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February 16, 2011
Engineer Victor Choy and lawyer Indra Maharaj of Calgary helped guide people through a process during an information meeting of the Alberta Utilities Commission (AUC) held on Monday evening, February 8. Story in this week's paper. ©Provost News Photo.
Motor Vehicle Accidents Fall; Property Crime Up
There were more break and enter offences reported to Provost RCMP in 2010 than in the previous year while criminal harassment investigations also jumped in both the town and the M.D. of Provost.

Motor vehicle accidents meanwhile have dropped by nearly 57 percent in town.

The RCMP detachment commander Sgt. Tom VanderZwan is making the information public in a 2010 year end report.

The following statistics represent various groupings of offence codes commonly used by the RCMP and only include reported offences. Police have no way of speculating on crime trends that may include “non-reported” offences. This means people who have been victimized in some way have made a conscious decision not to report their individual incident to the RCMP.

“These statistics, when comparing years 2009 to 2010 clearly show some reductions and increases in specific crime types for both the Town of Provost and the Municipal District of Provost. Most notable reduction is the motor vehicle accidents, down by 56.9 percent within the Town of Provost. And the most notable increase is in the area of property crime, due largely to an increase in the number of break and enter incidents being reported in both areas” states VanderZwan.

According to the Criminal Code, Criminal Harassment is interpreted as: ‘section 264. (1) no person shall, without lawful authority and knowing that another person is harassed or recklessly as to whether the other person is harassed, engage in conduct referred to in subsection; (2) that causes that other person reasonably, in all the circumstances, to fear for their safety or the safety of anyone known to them. Prohibited conduct: (2) The conduct mentioned in subsection (1) consists of (a) repeatedly following from place to place the other person or anyone known to them; (b) repeatedly communicating with, either directly or indirectly, the other person or anyone known to them; (c) besetting or watching the dwelling-house, or place where the other person, or anyone known to them, resides, works, carries on business or happens to be; or (d) engaging in threatening conduct directed at the other person or any member of their family.’ Basically, if someone does something (like watching or following) that causes another person to fear for themselves or their family, and the one watching or following should have known that their actions would have caused them fear then there is criminal harassment. The other part of this is when someone continually contacts another person, no threats made, just constant contact. And finally where someone conducts an action that could be perceived as threatening. This is different from ‘utter threats’, as the threat to harm someone or their property is verbally made directly or indirectly. As for why is this up 300 percent, “I would have to think that texting on cell phones, the internet (Facebooking) and any other electronic device that removes the personal contact has made it easier for individuals to attack others and remain faceless. Most people will not say something about another person if having to say it to their face” says VanderZwan.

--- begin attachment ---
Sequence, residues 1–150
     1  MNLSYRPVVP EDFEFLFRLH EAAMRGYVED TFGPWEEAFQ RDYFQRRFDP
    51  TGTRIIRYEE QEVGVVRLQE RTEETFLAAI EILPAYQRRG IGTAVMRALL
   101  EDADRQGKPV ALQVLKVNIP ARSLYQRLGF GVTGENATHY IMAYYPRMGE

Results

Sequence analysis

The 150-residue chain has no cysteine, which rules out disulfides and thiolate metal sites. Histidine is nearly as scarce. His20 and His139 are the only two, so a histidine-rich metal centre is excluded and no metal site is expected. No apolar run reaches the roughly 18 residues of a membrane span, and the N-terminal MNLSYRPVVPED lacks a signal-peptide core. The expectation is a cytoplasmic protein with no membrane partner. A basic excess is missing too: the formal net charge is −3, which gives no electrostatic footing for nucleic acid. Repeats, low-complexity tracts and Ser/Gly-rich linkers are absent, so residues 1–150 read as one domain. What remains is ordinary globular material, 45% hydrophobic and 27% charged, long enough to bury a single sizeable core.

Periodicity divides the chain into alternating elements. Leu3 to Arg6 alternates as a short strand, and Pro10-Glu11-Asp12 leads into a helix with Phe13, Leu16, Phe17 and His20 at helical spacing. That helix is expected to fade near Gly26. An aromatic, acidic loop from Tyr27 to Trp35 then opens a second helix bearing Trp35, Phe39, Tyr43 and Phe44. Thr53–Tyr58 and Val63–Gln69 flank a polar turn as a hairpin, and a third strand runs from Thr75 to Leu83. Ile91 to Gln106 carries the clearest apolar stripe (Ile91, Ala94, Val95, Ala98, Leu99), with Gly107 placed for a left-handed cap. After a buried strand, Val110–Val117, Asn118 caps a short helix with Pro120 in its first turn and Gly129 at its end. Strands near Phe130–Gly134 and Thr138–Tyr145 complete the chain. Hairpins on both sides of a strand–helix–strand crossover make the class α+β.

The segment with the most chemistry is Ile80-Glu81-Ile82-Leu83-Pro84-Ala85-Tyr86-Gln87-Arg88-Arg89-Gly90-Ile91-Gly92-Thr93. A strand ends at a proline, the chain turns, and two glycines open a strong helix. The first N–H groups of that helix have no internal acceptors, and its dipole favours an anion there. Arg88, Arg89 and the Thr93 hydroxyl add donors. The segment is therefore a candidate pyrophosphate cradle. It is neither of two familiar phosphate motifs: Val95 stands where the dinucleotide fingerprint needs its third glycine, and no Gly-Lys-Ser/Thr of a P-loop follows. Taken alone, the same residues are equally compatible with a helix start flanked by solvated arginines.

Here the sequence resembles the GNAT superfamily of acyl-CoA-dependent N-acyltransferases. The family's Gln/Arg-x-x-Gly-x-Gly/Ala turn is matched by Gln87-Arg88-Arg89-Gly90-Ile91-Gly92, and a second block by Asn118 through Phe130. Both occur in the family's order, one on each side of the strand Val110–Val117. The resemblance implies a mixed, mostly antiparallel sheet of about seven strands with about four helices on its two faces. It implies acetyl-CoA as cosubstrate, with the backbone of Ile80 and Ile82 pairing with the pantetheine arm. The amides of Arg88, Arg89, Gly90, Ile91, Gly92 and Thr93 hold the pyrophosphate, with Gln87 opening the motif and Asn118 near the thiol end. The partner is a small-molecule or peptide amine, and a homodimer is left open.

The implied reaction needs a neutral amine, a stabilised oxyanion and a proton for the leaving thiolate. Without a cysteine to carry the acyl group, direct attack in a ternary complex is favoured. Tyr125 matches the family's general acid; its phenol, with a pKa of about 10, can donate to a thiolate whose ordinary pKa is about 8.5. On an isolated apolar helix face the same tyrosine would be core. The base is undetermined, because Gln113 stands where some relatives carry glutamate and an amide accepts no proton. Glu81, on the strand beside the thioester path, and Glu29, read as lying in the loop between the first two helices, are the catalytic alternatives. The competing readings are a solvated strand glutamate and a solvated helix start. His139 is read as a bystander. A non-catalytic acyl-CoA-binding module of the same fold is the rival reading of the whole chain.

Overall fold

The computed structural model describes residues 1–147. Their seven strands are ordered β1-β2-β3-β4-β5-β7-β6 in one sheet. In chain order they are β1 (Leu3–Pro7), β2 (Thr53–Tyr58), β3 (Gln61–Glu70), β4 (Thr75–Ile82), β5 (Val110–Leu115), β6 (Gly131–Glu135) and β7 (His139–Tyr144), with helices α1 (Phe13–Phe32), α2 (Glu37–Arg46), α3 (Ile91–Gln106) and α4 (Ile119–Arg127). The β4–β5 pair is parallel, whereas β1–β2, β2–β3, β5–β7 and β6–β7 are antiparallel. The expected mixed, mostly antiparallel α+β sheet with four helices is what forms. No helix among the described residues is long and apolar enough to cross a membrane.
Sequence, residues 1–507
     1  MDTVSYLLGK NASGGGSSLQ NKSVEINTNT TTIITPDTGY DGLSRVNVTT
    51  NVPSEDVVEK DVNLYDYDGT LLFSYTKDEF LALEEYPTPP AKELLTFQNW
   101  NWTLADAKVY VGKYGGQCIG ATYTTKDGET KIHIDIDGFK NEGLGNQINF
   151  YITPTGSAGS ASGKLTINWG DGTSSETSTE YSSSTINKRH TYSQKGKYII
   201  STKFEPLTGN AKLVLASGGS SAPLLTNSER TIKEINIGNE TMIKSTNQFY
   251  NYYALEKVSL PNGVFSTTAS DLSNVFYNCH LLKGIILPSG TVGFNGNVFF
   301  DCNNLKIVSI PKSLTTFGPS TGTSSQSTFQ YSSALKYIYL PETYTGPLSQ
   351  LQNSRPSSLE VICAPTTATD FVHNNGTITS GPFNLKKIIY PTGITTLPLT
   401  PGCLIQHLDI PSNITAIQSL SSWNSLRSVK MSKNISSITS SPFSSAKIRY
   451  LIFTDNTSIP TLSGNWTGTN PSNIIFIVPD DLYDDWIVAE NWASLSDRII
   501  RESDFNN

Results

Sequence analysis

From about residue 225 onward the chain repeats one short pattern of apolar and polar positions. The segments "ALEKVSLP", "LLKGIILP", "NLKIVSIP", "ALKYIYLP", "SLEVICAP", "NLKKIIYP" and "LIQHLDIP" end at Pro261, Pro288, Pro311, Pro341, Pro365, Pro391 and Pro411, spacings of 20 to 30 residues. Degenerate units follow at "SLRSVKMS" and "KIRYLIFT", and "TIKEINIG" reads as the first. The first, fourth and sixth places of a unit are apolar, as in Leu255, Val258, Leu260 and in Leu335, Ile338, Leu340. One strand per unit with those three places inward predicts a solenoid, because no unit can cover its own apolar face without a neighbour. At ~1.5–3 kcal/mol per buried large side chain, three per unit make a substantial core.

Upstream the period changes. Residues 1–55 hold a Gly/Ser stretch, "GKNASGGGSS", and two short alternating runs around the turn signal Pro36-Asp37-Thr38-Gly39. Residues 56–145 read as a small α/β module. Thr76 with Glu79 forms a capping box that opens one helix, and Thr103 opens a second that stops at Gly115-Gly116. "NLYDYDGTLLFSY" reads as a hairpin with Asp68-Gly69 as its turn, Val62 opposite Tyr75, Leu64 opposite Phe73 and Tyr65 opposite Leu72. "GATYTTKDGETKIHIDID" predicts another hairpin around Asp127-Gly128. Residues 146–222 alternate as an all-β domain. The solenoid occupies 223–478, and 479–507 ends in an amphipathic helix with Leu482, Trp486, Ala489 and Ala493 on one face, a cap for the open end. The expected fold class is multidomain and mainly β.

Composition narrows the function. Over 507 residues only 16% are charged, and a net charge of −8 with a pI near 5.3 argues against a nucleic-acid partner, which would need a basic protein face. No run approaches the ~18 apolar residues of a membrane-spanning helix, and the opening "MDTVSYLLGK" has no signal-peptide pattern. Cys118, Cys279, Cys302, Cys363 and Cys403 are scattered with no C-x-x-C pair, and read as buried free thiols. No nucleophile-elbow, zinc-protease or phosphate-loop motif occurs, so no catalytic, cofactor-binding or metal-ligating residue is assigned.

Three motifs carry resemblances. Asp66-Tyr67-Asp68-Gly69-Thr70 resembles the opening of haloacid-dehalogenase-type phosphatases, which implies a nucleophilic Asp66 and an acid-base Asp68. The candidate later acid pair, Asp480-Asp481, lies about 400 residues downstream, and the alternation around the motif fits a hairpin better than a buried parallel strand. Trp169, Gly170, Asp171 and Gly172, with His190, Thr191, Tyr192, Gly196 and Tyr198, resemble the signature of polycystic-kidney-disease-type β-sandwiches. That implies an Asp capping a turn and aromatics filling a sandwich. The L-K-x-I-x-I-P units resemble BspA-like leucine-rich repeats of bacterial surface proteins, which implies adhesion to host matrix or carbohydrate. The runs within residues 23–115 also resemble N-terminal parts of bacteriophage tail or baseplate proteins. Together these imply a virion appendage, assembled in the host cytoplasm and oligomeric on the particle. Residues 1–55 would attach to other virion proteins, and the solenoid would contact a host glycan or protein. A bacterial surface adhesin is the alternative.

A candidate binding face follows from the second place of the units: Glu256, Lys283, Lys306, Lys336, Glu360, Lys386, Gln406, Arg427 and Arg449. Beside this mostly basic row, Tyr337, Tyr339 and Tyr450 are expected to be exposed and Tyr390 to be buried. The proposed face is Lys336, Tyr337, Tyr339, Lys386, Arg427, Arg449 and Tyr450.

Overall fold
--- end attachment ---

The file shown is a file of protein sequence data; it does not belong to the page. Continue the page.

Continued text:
The Royal Canadian Mounted Police at Provost have seven people on staff: one sergeant, four constables, and two public servants.

The detachment area includes Provost and the Municipal District of Provost and its communities within, less the area west of Range Road 80 and north of Township Road 400. All policing services are contained within a provincial policing contract.

The RCMP at Provost provides access to policing 24 hours a day every day of the year, with members on call during the off duty times. Members have access to support services to assist with investigations such as the forensic identification unit, general investigation services, and a major crime unit to name a few.

Complete story in February 16 edition of The Provost News.
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Council Considers More Input for Proposed Wind Generation Rules
More discussion about proposed M.D. of Provost by-laws that wind power generators would be obligated to follow took place on Thursday morning, February 10.

Councillors heard from one person who had concerns about potential wind generation development north of Hayter, near where she lives.

Complete story in February 16 edition of The Provost News.
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Entertainer on Stage at Social
Complete story in February 16 edition of The Provost News.
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Street Spokesman
This week we ask: "What Other Langauage Would You Like to Learn in School?"
. . . and we heard answers from Cayce Guthri, Colton Humilowich, Lauren Kroetsch and Hayley St. Germaine. Check out the February 16 edition of The Provost News for their answers.
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This, along with many other stories and pictures can be found in this week's edition of The Provost News.
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